What About Those Who Didn’t Buy Every New Version?

That’s a great point. At $19.99 a month, it would take 50 months to come out to $999.99 (the cost of the old Photoshop CS6 Extended version). That’s just over 4 years. That’s just under 3 18-month product cycles. Call it two. That means that for those who are still using Photoshop CS4 and haven’t updated to CS6; they are still paying the same amount in the long run but are now getting the advantage of having the latest version of the software, with effortless updates as well as access to Adobe’s new Behance community.

So What’s The Problem!?

I’ll admit…when I heard about all this on Monday I was pissed. I even blogged about it. I’m the kind of guy who likes to save up for things I want and pay cash for them, rather than throw it on a credit card and make payments. I don’t have a car payment. I would never lease a car. So the idea of basically leasing Photoshop on a month-to-month basis doesn’t make me particularly happy. The issue for a lot of people is that the consumer, the customer, no longer has a choice. There are some people out there who just want to buy a product and not worry about their bank account getting drafted every month. It’s one thing to plan for automatic drafts like your gas or electricity, your cable or your car payment. It’s another when you start adding stuff like software programs. It’s just one more thing that could go through at just the wrong time and cause someone to overdraft their account. People like having a choice. With the new system you are giving up your right to actually OWN a product.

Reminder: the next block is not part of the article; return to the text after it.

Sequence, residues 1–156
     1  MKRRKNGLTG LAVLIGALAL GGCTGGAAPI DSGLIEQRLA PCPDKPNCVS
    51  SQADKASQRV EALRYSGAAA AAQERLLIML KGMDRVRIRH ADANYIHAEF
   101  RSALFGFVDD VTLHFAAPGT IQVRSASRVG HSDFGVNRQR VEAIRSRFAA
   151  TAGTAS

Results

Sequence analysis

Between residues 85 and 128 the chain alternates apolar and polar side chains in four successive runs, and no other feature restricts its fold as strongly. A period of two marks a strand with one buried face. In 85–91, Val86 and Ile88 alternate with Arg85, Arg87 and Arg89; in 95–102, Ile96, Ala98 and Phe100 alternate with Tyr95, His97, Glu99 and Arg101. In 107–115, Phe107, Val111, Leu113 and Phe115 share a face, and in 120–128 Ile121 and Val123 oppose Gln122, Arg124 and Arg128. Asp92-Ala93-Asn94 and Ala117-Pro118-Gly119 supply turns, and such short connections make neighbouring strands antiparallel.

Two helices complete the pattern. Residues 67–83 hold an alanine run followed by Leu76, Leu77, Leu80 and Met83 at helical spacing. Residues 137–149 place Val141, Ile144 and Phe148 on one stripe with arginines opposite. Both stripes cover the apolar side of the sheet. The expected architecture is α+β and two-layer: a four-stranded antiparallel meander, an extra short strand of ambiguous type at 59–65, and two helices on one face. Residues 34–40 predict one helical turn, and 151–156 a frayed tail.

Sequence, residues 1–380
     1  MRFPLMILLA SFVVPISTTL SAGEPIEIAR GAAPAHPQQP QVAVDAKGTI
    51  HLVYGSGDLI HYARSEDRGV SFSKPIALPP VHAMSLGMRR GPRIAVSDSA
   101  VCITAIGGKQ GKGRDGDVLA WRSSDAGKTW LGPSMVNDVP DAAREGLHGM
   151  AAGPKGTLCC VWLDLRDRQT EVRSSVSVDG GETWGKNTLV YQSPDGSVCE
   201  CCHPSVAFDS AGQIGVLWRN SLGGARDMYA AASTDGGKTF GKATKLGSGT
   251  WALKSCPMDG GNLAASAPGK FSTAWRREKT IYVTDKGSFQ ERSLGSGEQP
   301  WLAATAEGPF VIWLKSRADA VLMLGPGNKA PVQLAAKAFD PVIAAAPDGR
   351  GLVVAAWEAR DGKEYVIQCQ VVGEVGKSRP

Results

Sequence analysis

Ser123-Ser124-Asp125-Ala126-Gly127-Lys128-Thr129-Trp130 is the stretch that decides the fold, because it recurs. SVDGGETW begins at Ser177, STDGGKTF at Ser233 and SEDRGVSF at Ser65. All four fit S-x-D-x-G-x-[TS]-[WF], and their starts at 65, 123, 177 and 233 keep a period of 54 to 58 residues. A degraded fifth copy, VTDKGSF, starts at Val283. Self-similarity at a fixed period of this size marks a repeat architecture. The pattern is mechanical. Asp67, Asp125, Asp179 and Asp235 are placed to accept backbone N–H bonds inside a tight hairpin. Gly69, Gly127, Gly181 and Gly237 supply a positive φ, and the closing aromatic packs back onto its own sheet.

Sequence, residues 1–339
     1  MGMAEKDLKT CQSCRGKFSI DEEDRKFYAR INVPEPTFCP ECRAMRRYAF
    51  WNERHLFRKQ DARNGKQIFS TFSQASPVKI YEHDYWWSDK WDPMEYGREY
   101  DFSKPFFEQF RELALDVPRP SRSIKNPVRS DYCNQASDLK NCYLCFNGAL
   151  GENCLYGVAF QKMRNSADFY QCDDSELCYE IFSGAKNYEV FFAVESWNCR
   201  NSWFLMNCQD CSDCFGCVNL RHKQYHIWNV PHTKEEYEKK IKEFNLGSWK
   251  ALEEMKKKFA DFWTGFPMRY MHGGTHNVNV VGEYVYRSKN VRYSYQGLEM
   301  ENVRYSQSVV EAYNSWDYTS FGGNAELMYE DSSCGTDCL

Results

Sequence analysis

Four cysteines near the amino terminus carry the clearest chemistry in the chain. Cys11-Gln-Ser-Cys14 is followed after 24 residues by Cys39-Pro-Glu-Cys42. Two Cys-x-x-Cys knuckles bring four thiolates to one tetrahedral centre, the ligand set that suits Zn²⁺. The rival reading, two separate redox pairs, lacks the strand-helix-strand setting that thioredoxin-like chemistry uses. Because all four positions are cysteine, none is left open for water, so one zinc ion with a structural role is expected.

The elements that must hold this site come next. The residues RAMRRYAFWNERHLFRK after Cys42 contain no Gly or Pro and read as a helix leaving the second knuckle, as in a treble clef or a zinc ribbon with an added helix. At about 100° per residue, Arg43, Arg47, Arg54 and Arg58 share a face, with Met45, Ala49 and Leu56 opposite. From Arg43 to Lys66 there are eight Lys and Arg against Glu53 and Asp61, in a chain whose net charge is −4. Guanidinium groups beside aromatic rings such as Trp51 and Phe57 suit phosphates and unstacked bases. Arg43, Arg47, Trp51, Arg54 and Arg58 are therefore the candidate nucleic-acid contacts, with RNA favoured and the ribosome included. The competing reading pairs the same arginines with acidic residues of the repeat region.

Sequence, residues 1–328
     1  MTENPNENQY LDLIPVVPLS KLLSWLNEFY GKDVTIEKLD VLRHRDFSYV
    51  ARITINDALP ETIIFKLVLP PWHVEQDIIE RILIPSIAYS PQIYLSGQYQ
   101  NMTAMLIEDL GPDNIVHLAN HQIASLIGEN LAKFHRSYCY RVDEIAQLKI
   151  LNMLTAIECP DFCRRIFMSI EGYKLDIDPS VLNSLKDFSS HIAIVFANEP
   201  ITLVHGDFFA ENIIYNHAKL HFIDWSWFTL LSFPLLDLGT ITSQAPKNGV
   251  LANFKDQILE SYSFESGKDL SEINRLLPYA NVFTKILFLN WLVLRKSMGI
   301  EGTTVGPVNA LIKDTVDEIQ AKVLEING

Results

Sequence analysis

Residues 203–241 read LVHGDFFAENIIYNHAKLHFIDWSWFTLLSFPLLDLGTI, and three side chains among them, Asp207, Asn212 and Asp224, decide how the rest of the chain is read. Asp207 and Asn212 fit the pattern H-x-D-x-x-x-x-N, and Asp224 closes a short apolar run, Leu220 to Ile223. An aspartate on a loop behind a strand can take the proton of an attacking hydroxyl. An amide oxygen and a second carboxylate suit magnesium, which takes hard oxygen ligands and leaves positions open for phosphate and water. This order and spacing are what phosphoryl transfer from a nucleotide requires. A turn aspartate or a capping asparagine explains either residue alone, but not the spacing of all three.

Some people are also worried that since Adobe will have reliable/consistent income now with subscriptions that they will lose their competitive edge. They used to have to wow us all with each CS update. New features, new tools, new interface. They had to make us WANT it so we would flock to their website and stores to buy the new programs. If they get us all to sign up for these plans where they already have us, will they stop trying so hard to impress us? Who knows? Will that open the door to some relevant competitors? Who knows? Time will tell.

My Suggestion To Adobe

To be perfectly honest, I’m completely on board with getting rid of the physical copies of Photoshop and all the other Adobe products. When I buy a program like onOne Software’s Perfect Photo Suite, I don’t get anything shipped to my house. I get a license code emailed to me that I plug in once the software is downloaded. Easy peasy. What I think Adobe should do is just make an option available to us where we can rent the software for a full year or even multiple years at a time. And give us a discount for paying in advance. That way it’s pretty much just like it was before. Those of us who prefer this method won’t feel like we are renting a software program. It will be the same as owning it except we won’t have a disk sitting in the bottom of our junk drawer. This, at least to me, sounds very reasonable.

Chime In!

So what do you all think? This has been a very hot topic for the past day or so and everybody has different views. Let me know in the comments below and be sure to follow me on Twitter where you can get in touch as well.


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James Brandon is a landscape photographer and educator residing in Dallas, Texas. Join 20,000+ photographers and get access to his free video tutorial library at his website. James also has an online store full of video courses, ebooks, presets and more. Use the coupon code "DPS25" for an exclusive discount!